PRSA needs to step it up

I was delighted to read your November 20 column that addressed the status and needed actions for PRSA. I hope that in the future PRWeek will provide more coverage of the society.

I was delighted to read your November 20 column that addressed the status and needed actions for PRSA. I hope that in the future PRWeek will provide more coverage of the society.

Your summation on PRSA suggests that it needs to address things in a more agile, attentive, responsive manner, or it will lose status and role.

I agree that the responsibility of an organization is to provide effective, future-considering service to its members at the most reasonable cost. This is a process that must focus primarily and effectively on satisfying the needs and wishes of the membership. This is a process that is most effectively served by asking the members what they want, observing what they need, and sharing the survey results, so that a shared blueprint for the future is planned, developed, and implemented.

Senior practitioners have drifted away from PRSA. Some felt it was no longer relevant. Others hold membership, but don't actively participate. Therefore, the society is denied the leadership skills and influence it sorely needs. The decline in PRSA membership in New York City is dramatic proof of the decline in interest and participation.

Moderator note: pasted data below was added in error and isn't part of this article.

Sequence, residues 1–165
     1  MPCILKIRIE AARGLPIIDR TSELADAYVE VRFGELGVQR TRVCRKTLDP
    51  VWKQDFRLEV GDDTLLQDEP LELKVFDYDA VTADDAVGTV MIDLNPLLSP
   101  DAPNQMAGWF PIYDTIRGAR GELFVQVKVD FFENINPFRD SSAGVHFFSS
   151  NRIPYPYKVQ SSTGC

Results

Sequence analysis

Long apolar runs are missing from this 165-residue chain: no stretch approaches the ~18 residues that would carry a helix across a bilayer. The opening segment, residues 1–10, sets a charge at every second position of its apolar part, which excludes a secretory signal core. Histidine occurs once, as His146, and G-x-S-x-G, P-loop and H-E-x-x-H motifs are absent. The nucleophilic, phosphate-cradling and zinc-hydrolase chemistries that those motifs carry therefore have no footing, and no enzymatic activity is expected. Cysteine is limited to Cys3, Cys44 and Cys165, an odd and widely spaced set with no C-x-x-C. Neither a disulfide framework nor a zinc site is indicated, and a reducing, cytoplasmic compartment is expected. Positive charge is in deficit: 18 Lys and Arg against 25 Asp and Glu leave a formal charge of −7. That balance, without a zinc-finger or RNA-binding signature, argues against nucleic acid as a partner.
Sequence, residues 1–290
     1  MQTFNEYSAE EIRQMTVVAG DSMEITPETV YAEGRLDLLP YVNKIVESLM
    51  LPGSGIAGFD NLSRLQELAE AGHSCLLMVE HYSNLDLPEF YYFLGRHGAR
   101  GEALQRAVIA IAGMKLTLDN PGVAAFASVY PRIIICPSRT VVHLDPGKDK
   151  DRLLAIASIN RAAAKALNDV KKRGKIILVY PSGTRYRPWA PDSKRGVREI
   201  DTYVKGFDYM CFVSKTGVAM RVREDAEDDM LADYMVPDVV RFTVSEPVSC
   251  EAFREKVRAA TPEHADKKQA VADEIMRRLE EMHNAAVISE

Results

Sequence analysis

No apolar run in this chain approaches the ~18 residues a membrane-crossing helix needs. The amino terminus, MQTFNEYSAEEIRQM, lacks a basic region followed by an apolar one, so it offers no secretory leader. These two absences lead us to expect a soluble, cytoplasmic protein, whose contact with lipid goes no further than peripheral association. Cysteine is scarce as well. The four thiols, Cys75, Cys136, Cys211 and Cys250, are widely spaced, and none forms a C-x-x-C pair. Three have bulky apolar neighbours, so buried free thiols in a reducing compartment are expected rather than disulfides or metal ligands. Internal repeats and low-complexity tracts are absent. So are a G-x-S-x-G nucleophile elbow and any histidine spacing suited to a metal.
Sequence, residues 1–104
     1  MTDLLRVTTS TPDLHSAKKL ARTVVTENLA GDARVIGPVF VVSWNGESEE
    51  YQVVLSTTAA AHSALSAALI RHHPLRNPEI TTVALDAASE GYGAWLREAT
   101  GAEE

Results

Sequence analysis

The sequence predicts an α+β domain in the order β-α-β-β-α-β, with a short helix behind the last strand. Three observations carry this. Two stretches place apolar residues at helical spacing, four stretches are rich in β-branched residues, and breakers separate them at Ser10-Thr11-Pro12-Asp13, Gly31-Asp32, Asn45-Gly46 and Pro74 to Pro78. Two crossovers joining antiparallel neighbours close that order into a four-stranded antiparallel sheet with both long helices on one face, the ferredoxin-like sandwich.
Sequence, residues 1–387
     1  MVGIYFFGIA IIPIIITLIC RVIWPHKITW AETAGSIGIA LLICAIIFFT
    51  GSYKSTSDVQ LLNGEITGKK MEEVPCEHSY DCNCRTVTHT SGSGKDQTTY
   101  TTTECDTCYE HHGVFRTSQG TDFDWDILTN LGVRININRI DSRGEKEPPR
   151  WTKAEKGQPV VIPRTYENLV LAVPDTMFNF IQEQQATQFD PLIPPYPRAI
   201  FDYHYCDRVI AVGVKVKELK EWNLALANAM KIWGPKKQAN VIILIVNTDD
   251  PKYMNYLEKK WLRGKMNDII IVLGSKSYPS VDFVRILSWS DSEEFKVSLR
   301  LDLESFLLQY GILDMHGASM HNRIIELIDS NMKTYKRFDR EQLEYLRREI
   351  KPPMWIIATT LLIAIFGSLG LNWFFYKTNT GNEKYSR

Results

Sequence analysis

The construction of the dues and expense structure has introduced many concerns. While the student society (PRSSA) has flourished, there is no effective series of steps to bridge from student to professional-level dues. Each year, many of the brightest graduates move on and away from PRSA. Similarly, there is no reduced dues structure to help retain senior members. In addition, the major event of the PRSA year, the International Conference, is very expensive and attended by a relative few.

Membership is not often consulted on major considerations. A basic resource, the printed annual directory, was canceled without advance notice to the membership. Similarly, the advance briefing for matters coming before the assembly was less than revealing.

It would seem that those who create most of the annual reports for clients would address the pros and cons of every issue as is the practice and requirement of any annual report. PRSA members deserve at least the same consideration as shareholders, including thorough advance notice of administration plans, programs, and expenses.

The task of any organization is to serve its members actively, wisely, and practically. This means giving all of them a sense of participation, inviting them to become more active, and providing services at the least possible cost so that all members will want to, and can afford to, participate fully.

It is also hoped that PRWeek will play a more active role in helping PRSA become more important and relevant. Good coverage stimulates better achievement and service.

Frank Wylie
via e-mail

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